Friday, 13 December 2019 08:55

FE researchers aim to raise awareness

Written by  Nigel Malthus
Emma Cuttance. Emma Cuttance.

Facial eczema in dairy cattle can cause significant production losses without visible symptoms, says a new group formed to raise awareness of the disease.

Dairy facial eczema (FE) can cost individual farmers more than $100,000 a year in lost milk production, a recent study has found. But many cows do not show clinical signs, so farmers often don’t know why milk loss is happening and end up drying off their cows early.

“It’s hitting farmers hard in the pocket: they’re losing 0.14-0.35kg milk solids per cow per day. We worked out that one of the herds in our study had lost $125,000, just in milk production,” said dairy veterinarian Emma Cuttance, the head of Veterinary Enterprises Group (VetEnt) Research, which is leading the project.

“Often, people don’t think FE is as big an issue as it is, because about 95% of the cattle that get the disease won’t display obvious skin lesions, even though the FE is causing damage to their livers,” said Cuttance.

“If our project can improve the number of farmers effectively managing this disease by even 20%, it will make a phenomenal improvement to the productivity, animal welfare and sustainability of the dairy industry.”

Zinc is currently the main way of treating FE. However, Cuttance explains that many farmers don’t administer enough to control the toxin that causes FE.

“Blood testing is the best way to determine how badly affected the cows are if they have FE. However, getting farmers to do blood tests can be tricky because of the cost and time involved.”

The project team brought in AgResearch to examine the wellbeing of cows affected by FE to see if there are other ways of identifying symptoms. The first trial involved putting pedometers on cows to observe their movements.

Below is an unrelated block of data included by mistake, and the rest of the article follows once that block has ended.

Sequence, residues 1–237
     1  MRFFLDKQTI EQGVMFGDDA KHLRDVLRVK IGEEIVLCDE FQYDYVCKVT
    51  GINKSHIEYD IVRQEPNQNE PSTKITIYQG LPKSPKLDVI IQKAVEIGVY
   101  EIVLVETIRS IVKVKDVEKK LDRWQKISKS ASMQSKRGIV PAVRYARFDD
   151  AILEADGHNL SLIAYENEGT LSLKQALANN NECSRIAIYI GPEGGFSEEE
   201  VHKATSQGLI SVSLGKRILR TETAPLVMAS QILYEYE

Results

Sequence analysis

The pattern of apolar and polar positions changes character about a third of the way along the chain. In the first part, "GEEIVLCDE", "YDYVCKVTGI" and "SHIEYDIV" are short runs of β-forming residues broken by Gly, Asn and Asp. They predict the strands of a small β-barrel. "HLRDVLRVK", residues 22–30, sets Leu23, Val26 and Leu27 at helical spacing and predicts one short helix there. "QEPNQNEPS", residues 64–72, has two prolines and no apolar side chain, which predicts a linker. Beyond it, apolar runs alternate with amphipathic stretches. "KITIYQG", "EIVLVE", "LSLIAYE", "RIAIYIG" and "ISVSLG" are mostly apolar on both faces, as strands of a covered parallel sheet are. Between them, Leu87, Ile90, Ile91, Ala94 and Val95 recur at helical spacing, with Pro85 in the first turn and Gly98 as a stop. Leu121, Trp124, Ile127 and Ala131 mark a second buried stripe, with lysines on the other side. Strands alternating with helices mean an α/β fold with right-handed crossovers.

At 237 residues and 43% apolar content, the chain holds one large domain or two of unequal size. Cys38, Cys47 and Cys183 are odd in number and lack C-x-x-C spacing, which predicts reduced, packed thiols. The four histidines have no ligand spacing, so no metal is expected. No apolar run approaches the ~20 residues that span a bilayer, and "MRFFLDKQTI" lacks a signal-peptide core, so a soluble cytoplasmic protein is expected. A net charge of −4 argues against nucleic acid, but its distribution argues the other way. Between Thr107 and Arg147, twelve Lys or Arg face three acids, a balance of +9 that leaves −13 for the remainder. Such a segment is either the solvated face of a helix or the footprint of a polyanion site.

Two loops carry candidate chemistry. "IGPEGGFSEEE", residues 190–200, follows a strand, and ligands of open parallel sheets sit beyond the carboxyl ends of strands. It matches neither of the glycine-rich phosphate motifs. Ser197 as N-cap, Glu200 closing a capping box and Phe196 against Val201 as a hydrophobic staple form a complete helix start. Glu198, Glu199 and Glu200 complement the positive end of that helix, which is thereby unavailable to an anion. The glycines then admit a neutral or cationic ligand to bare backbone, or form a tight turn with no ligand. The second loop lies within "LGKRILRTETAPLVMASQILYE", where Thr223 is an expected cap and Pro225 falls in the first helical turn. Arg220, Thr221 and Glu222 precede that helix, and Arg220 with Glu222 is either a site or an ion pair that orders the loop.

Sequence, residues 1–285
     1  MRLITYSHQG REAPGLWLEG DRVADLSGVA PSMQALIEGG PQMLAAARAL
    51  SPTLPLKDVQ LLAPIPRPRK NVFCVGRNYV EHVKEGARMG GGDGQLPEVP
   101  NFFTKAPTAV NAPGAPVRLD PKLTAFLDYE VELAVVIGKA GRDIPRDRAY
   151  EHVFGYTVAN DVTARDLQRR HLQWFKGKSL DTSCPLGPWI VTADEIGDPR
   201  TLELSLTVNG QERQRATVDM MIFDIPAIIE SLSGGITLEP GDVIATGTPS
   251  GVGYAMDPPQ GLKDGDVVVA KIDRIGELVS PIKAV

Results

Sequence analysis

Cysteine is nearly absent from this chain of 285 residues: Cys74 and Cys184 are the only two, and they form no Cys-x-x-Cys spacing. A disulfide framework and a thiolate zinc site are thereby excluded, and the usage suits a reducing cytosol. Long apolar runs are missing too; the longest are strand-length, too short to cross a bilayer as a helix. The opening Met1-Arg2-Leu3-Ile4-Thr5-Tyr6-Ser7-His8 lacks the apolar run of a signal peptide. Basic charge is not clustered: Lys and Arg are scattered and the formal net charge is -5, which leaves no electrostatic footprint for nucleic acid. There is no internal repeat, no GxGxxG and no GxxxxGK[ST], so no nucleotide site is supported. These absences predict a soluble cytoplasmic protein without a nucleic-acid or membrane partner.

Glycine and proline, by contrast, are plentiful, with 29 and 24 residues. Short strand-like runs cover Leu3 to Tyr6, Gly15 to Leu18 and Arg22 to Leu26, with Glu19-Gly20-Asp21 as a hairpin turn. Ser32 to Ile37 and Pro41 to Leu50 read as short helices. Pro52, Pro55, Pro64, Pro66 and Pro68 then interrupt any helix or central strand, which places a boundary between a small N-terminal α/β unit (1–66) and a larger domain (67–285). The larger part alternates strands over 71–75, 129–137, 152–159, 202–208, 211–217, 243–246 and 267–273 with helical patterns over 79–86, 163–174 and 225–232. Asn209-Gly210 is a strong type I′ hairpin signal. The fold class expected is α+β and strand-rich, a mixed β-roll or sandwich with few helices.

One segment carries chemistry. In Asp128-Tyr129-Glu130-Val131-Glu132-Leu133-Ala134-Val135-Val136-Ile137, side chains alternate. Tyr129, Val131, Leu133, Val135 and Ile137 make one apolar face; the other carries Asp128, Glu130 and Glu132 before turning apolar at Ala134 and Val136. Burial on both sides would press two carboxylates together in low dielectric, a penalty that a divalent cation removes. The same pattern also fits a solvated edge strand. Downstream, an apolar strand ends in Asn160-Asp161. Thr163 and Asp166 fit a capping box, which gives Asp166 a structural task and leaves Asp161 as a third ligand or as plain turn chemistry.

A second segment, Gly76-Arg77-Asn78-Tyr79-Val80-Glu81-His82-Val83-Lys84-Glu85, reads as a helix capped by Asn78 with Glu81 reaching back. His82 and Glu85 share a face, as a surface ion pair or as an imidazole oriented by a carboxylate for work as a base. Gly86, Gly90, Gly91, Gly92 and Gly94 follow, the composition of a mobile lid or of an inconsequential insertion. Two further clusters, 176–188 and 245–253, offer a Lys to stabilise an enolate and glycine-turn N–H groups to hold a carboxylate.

Having found no real difference in their behaviour compared to healthy cows, they moved on to analysing the blood profile of affected cows.

Cuttance says stress and pain can be detected in the blood, although analysis of the results is still in progress.

Another approach the team is exploring is photographing damaged livers at the meat works. 

“If processing plants were required to grade livers according to damage and report back to farmers, that would increase understanding of how serious the issue is,” she said.

A range of resources will be made available through the DairyNZ website, including an online cost calculator, an investigation tool for testing zinc, and educational videos and webinars.

The Ministry for Primary Industries’ (MPI) Sustainable Farming Fund is supporting the Facial Eczema Action Group made up of veterinarians, dairy farmers and rural professionals intent on exploring ways of raising awareness of FE so that more farmers take preventative action.

Steve Penno, director investment programmes at MPI, says MPI’s support recognises that FE is an issue that needs to be addressed.

“Whichever way you look at it, it’s in farmers’ best interests to proactively manage this disease, both in terms of improving cattle health and wellbeing and the bottom line.”

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